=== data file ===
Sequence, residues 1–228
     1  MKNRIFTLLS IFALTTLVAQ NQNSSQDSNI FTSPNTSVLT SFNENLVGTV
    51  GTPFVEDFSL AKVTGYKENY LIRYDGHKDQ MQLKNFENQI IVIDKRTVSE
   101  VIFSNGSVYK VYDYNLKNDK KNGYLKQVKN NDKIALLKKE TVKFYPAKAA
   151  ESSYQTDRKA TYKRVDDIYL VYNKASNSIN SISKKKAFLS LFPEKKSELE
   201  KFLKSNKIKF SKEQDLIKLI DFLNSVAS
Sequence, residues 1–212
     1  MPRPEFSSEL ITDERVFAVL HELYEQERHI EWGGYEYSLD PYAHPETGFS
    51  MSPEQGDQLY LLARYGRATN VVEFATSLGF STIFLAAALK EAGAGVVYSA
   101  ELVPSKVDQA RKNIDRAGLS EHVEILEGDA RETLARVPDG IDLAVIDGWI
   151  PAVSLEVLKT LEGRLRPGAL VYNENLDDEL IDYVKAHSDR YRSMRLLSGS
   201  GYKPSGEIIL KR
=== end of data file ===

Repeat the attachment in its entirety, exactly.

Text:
Sequence, residues 1–228
     1  MKNRIFTLLS IFALTTLVAQ NQNSSQDSNI FTSPNTSVLT SFNENLVGTV
    51  GTPFVEDFSL AKVTGYKENY LIRYDGHKDQ MQLKNFENQI IVIDKRTVSE
   101  VIFSNGSVYK VYDYNLKNDK KNGYLKQVKN NDKIALLKKE TVKFYPAKAA
   151  ESSYQTDRKA TYKRVDDIYL VYNKASNSIN SISKKKAFLS LFPEKKSELE
   201  KFLKSNKIKF SKEQDLIKLI DFLNSVAS
Sequence, residues 1–212
     1  MPRPEFSSEL ITDERVFAVL HELYEQERHI EWGGYEYSLD PYAHPETGFS
    51  MSPEQGDQLY LLARYGRATN VVEFATSLGF STIFLAAALK EAGAGVVYSA
   101  ELVPSKVDQA RKNIDRAGLS EHVEILEGDA RETLARVPDG IDLAVIDGWI
   151  PAVSLEVLKT LEGRLRPGAL VYNENLDDEL IDYVKAHSDR YRSMRLLSGS
   201  GYKPSGEIIL KR